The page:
For our first in-store pop-up in two years, we are so excited to welcome William Ellery to Hatchet Supply from October 23rd - November 6th, 2021 with small informal celebrations on the first and last days of the pop-up.
Come by, relax with a drink. William Ellery’s designer, founder, and maker Trevor Davis will be measuring and cutting custom belts to length (available for purchase) and continuing the stories of his garments through alterations, scars, and repairs. RSVP here.
We talked to Trevor about William Ellery and what makes his vision unique.
You say, “William Ellery produces outdoor and workwear apparel from vintage wears, reenvisioning each garment’s unique story.” What is it about vintage garments that draws you to them?
When looking through used clothing, you are bound to come across a camping bag with a girl's name written on it, first and last. Right below it, her older brother's name, victoriously and unceremoniously crossed out from when he used it at camp a few years past. You may find one of the straps reattached with thick nubby stitches, or the drawstring replaced with an old shoelace. Two summers at camp at least, countless miles, and an unknown number of nights in the tent. There is a particular sense of love shown through each one of the alterations, grafitis, and customizations. I am drawn to the rich backstory and deep personal connection we can only conjure through use and abuse of our clothing.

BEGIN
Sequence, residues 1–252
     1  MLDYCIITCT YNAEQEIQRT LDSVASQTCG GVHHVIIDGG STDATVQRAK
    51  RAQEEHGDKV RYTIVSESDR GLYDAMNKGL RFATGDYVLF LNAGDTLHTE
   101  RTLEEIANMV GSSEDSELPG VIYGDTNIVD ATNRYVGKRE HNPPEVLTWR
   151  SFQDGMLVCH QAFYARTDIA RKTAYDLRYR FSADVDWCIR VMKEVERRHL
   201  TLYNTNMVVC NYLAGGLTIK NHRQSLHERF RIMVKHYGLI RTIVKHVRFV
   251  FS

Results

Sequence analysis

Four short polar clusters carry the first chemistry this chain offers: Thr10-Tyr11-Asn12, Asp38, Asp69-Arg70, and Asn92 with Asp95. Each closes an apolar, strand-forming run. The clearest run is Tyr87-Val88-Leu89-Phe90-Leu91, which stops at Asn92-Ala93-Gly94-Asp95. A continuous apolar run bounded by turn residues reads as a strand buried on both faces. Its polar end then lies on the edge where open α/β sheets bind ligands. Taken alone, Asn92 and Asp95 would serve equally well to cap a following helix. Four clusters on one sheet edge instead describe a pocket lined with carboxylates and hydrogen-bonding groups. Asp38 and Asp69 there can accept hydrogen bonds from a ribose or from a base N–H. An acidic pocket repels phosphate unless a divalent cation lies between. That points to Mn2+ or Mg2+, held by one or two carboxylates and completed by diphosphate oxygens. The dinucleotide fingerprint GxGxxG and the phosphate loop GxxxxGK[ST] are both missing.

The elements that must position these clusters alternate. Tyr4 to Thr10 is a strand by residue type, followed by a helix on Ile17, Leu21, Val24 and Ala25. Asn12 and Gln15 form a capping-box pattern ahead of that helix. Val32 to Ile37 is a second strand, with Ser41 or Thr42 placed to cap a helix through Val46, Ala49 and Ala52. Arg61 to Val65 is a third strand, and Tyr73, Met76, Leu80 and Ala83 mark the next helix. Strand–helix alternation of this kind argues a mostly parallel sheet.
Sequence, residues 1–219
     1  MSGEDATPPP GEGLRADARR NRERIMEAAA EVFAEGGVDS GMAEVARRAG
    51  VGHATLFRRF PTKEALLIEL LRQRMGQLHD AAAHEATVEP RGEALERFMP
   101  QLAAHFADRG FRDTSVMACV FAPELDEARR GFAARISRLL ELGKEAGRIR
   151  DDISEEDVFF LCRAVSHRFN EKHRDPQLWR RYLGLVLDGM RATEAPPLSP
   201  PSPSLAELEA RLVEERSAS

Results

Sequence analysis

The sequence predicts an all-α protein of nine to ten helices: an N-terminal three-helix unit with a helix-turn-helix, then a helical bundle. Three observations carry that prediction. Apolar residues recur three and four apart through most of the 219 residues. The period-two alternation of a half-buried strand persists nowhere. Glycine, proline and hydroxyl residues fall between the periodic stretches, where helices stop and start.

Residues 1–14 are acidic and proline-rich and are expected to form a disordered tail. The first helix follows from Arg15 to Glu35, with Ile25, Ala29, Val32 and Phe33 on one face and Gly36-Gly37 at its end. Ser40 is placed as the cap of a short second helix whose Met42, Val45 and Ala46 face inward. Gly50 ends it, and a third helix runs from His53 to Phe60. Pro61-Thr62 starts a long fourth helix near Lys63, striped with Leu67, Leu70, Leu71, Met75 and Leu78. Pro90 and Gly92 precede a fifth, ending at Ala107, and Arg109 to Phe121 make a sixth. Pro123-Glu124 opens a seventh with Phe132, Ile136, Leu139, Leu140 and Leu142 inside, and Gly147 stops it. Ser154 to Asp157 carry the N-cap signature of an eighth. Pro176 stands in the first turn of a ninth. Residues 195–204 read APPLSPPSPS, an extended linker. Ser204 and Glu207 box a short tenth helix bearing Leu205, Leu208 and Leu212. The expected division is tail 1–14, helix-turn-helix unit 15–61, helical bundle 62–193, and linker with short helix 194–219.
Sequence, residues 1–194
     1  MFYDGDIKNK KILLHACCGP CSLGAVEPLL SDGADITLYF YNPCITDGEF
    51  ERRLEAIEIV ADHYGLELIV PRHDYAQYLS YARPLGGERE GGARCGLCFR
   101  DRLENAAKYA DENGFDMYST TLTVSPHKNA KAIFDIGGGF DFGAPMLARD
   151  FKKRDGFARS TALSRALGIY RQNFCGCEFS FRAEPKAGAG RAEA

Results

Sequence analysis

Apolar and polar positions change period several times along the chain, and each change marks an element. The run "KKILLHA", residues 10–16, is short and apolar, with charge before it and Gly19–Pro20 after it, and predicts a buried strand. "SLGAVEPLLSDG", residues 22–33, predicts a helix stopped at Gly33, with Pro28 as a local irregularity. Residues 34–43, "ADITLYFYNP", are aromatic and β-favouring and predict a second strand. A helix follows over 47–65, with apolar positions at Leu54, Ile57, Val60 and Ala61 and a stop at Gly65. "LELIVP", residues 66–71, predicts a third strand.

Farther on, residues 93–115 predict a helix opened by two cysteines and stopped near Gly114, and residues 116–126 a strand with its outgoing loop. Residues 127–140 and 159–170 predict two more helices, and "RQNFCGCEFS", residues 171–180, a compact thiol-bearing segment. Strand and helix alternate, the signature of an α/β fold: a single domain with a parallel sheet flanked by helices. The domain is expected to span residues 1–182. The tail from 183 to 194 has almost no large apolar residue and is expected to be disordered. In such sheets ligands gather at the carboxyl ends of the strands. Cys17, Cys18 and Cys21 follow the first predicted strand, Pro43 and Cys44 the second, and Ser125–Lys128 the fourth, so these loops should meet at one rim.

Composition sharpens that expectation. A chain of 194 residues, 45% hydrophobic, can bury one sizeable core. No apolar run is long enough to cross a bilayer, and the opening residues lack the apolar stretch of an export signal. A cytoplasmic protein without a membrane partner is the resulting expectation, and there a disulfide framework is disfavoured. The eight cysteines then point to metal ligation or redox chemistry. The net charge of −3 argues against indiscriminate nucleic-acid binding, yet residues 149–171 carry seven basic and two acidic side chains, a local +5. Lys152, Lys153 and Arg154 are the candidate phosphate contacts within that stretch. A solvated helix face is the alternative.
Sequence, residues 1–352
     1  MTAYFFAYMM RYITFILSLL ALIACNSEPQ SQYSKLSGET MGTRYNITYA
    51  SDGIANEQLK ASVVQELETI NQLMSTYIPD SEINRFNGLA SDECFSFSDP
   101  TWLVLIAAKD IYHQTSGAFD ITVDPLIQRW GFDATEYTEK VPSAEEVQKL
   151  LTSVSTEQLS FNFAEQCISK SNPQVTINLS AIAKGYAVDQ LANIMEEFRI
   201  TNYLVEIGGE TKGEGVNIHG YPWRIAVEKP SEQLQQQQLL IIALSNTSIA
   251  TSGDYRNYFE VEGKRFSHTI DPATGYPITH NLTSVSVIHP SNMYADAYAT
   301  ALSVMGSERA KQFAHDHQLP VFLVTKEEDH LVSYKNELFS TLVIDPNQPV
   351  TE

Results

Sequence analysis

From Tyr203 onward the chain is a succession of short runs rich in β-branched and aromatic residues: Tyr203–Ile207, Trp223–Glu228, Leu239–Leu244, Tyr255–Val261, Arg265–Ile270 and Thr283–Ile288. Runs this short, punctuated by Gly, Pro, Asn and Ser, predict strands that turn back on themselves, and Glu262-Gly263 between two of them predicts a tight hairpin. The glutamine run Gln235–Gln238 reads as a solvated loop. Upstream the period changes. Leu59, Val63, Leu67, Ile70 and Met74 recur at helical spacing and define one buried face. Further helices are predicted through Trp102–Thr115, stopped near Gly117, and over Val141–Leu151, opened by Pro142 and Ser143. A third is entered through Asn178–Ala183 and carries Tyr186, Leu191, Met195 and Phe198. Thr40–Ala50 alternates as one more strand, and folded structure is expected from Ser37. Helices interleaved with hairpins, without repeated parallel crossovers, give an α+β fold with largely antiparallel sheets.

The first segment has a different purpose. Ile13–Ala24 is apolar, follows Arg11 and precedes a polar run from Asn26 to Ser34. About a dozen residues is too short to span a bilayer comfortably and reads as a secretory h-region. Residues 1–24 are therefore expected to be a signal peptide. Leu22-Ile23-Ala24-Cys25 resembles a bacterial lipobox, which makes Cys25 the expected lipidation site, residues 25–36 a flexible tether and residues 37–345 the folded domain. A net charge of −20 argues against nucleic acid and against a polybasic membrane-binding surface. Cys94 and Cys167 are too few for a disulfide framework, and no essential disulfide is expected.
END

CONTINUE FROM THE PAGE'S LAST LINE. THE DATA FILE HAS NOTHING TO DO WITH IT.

What properties might a vintage piece have that would make you want to continue its story?